An opportunity not

to be missed

William Cole, Choral Scholar (2010-2012)

News

USA Tour Blog September 2014: Day 6

Date: Friday 26 September 2014

Reviews

 

The day began as usual in a carpark, happily trading stories about our homestays. Mssrs Harris, Jorysz, Loyn and Williams were treated to a revealing cultural insight into politics, theology, and a particularly astute explanation of thermostat use. At several points in the evening, the discussion nearly overheated, but the peace offering of home-baked cookies diffused the debate over the validity of the teleological argument. ‘Good discourse.’

 

Our transport for the day was a ‘limousine coach’, and the leather seats and blue LEDs masked the fact that it was, in essence, a minibus. Three hours later, and lost in Hendrix college, a frustrated choir administrator disembarked to single-handedly solve the problem. Minutes later, he had returned with directions, and, as per usual, the problem was solved quickly and efficiently.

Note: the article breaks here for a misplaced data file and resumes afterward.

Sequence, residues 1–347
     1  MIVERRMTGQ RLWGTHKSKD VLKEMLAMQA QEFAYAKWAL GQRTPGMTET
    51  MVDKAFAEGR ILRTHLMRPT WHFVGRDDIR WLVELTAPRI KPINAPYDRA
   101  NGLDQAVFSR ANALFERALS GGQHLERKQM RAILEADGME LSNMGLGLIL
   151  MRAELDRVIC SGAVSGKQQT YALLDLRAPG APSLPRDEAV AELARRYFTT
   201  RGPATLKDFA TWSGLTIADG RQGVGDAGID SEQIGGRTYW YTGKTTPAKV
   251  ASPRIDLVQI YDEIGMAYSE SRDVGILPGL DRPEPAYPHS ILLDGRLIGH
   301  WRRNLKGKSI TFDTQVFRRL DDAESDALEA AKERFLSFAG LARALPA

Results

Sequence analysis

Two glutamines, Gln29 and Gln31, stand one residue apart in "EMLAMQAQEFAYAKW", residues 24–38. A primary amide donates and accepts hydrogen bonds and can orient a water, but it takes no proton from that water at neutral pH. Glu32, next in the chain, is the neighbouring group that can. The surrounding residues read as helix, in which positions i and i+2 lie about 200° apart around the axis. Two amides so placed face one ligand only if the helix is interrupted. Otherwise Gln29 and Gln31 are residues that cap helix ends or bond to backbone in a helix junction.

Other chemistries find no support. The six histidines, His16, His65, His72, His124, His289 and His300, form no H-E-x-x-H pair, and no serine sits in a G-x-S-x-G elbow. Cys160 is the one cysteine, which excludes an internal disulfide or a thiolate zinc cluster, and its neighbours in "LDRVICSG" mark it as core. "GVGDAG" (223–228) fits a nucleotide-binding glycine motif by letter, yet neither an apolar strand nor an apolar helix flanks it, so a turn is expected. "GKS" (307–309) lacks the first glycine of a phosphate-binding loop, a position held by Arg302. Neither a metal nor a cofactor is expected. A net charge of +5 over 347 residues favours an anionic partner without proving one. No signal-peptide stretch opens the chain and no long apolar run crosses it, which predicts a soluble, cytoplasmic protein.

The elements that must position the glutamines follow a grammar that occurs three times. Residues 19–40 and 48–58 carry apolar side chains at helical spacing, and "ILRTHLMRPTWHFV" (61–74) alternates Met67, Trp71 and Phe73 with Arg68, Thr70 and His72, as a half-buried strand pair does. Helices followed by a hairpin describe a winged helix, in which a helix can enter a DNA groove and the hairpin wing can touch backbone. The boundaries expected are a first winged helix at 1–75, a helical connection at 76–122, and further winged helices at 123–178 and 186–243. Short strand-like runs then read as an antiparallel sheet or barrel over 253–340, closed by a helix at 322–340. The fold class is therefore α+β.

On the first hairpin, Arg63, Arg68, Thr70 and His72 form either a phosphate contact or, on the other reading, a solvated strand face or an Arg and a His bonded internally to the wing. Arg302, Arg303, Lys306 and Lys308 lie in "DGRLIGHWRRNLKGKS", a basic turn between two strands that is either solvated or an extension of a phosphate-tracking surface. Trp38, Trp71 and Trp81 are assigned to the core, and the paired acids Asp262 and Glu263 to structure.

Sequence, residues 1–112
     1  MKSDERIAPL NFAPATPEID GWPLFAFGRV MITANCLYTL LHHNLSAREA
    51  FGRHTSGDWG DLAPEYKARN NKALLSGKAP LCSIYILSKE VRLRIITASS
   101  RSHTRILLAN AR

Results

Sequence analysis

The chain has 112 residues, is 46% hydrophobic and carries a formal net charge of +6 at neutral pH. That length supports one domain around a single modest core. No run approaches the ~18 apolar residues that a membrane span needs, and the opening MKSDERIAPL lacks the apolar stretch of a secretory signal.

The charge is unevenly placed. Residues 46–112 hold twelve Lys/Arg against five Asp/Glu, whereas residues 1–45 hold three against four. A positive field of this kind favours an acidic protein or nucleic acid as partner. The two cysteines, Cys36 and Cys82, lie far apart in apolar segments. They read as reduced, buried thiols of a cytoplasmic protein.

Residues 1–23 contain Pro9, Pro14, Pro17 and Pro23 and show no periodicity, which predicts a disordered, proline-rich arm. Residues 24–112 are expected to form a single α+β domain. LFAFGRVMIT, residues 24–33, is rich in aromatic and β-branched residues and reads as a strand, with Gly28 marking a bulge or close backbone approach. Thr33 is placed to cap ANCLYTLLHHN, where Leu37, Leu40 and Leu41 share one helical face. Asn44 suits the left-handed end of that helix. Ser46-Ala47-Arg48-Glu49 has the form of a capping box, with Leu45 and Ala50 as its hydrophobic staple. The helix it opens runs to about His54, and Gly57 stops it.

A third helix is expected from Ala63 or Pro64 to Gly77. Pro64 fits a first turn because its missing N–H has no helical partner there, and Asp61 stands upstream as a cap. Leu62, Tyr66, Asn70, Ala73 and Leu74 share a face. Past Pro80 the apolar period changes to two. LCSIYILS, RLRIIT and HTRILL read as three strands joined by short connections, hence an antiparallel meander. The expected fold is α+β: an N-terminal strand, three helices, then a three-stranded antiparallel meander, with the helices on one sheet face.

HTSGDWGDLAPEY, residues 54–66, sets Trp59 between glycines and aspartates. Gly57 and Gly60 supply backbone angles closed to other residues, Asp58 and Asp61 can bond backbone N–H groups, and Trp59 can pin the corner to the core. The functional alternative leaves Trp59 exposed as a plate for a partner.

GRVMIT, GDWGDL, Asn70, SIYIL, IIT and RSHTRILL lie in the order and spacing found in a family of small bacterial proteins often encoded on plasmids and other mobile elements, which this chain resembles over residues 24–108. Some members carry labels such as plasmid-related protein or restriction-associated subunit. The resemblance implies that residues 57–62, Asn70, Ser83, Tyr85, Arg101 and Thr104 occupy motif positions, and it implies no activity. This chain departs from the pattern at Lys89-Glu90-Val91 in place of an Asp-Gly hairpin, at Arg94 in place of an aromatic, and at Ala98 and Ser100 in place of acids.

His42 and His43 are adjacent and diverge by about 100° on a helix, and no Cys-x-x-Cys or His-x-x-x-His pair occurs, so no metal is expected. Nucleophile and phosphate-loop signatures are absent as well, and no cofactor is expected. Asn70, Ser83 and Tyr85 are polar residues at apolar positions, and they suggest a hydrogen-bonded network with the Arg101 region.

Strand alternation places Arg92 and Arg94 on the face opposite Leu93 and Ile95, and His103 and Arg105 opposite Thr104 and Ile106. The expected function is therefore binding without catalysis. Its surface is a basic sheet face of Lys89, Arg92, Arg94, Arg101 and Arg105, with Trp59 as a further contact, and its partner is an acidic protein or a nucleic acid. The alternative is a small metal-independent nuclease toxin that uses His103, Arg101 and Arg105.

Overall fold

After a leisurely lunch, football and tanning ensued until we were called for a brief rehearsal. We were treated to a free dinner in a local church, before preparing for the concert in the time-honoured tradition of keepy-ups in the carpark.

 

The concert itself went smoothly and was well received. The bass opening to The Twelve was suitably agricultural, the birds sang beautifully in Stanford’s The Bluebird, and James Proctor’s unintentional foray into falsetto provided a source of great amusement, as voices began to tire. The church’s propinquity to the trainline had its problems, as a cacophony of train-horns delayed the start of the encore. All soloists performed well, particularly Gaby in front of a home audience.

 

After the concert we were welcomed to a reception, where we were plied with cheese, shortbread, and cucumber-water. Our thirsts quenched, we departed with our homestays.

 

Matthew Jorysz (Senior Organ Scholar) and Laurie Harris (Dec Bass 4)